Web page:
Hoechst staining

Cell death was determined by Hoechst 33258 (Sigma) fluorescent staining. Cell suspensions were seeded into 24-well plates at a concentration of 2 × 104 cells per well. Cells were allowed to attach for 24 h; and then treated with 2 mM AA-Tempol for 1 h before x-radiation (0 and 8 Gy). The cells were washed with PBS for three times at 0.5 h after X-ray irradiation and then incubated for 48 h with DMEM. Then the cells were stained with Hoechst 33258 (10 μg/ml) for 15 min, and then fixed by 4% paraformaldehyde for 10 min. Cells were observed under a fluorescence microscope (Olympus BX61, Japan). The Hoechst dye were excited at 340 nm. For each well, three visual fields were selected randomly.

Flow cytometric (FCM) analysis of the cell apoptosis

Apoptosis analyses were performed as described previously [33]. Briefly, apoptosis and cell viability were measured by using annexin V-FITC (Assay Designs, Inc. USA) and PI double staining. HUVEC cells were seeded into 10 cm plates at a density of 5 × 105 cells per well and allowed to grow for 24 h prior to treatment with AA-Tempol. Then AA-Tempol was added to cultured cells maintaining the final concentration of 1.0 mmolL−1 for 1 h before 8 Gy X-radiation. At 0.5 h after radiation, the medium was removed and fresh DMEM was added onto HUVEC cells. The untreated cells (blank control) as well as the treated cells were incubated for 4 days. Then cells were harvested and washed twice with 0.01 mol/L PBS. Before they were measured by flow cytometer, ethanol was washed off with PBS. The cells were diluted in 100 μl of 1× annexin-binding buffer per assay and incubated with annexin V-FITC and PI for 15 min at room temperature in the dark. Having been washed with PBS, they were measured by Epics XL-4 flow cytometer (BECKMAN-Coulter, USA) using Cellquest software (version2) to obtain the information on apoptosis.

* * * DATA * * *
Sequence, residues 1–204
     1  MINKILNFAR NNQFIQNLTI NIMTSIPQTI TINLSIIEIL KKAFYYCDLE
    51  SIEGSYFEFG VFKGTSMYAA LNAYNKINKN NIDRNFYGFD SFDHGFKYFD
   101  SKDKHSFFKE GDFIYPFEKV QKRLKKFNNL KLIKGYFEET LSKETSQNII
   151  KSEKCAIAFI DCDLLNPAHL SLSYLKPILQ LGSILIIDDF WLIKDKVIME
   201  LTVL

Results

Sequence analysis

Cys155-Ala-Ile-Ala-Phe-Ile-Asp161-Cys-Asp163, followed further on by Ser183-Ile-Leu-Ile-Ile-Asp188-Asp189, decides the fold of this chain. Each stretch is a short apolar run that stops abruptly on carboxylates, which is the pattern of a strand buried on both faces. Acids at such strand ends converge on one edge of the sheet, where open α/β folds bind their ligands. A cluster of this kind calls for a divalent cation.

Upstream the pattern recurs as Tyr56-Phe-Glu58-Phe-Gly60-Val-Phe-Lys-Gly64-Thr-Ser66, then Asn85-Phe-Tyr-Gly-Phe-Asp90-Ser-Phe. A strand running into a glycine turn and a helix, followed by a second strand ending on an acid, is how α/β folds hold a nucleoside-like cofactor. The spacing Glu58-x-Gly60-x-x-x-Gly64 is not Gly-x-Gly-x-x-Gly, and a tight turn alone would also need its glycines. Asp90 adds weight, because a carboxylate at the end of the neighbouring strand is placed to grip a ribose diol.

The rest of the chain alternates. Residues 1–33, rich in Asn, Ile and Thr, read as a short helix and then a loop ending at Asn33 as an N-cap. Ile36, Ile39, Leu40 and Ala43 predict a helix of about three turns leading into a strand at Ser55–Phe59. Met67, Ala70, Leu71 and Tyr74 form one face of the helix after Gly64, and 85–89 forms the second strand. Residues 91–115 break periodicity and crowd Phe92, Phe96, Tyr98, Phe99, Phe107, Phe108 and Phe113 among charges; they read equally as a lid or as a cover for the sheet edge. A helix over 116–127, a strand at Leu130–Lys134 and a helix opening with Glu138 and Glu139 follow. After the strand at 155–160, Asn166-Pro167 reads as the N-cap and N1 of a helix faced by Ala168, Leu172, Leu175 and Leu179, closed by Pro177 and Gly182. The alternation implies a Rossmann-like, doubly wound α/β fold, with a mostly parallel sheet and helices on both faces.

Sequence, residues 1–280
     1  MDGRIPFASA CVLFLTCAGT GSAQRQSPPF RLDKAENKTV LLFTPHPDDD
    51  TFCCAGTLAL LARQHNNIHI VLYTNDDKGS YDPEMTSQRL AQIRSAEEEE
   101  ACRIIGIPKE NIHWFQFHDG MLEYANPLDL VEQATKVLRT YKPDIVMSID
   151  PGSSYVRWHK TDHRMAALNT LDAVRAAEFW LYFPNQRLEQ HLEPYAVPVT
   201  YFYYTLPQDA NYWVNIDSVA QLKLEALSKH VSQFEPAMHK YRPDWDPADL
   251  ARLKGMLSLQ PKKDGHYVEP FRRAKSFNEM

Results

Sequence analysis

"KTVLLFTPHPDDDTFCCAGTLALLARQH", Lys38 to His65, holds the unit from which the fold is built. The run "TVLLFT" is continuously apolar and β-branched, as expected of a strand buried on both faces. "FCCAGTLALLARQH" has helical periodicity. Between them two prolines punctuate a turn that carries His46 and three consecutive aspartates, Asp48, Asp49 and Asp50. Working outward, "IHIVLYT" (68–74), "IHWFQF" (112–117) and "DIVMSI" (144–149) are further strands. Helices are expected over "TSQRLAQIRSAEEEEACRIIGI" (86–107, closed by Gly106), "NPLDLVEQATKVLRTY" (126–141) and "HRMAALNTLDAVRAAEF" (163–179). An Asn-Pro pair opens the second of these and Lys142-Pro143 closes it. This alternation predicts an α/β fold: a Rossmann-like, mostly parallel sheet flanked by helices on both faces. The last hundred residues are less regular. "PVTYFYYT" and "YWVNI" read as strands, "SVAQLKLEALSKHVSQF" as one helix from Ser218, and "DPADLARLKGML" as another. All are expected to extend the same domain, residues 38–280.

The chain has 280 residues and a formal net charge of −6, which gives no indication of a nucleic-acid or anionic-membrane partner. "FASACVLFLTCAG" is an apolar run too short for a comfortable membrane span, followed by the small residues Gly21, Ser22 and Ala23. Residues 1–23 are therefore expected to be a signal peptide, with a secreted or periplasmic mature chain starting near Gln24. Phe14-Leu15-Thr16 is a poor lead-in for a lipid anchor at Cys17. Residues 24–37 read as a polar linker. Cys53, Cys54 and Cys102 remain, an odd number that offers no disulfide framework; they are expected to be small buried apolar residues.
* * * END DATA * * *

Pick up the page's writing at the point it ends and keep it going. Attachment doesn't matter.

Western blot analysis

Western blot analysis was performed as described previously [34]. Cultured cells were preincubated with the concentrations of AA-Tempol (1.0 mmolL−1) at 37 °C for 1 h, then cells were exposed to 8 Gy X-radiation and cultured for 48 h in fresh DMEM. Protein concentrations were determined by using the BCA assay kit. Proteins of total extracts were separated on 10% SDS gels. Separated proteins were transferred electrophoretically onto polyvinylidene difluoride membrane (PVDF) (Amersham International) and blocked with 5% non-fat milk in phosphate buffered saline (PBS)-Tween for 2 h. The primary antibodies polyclonal rabbit anti-Bcl-2 (dilution ratio 1:2000), anti-p53 (dilution ratio 1:2000), anti- caspase3 (dilution ratio 1:3000), GAPDH (1:5000) and with β-actin (dilution ratio 1:3000) were incubated with the membranes at 4 °C overnight. The membranes were incubated with a secondary antibody conjugated to horseradish-peroxidase (Beyotime) after being washed with TBST three times for 10 min each time, and bands were visualized using an ECL system (Perkin Elmer). Semi-quantitation of scanned films was performed using Quantity One-4.6.2 (Bio-Rad, Italy). The relative expression levels of the targeted proteins were determined using beta-actin as a loading control. All western blots were independently replicated three times.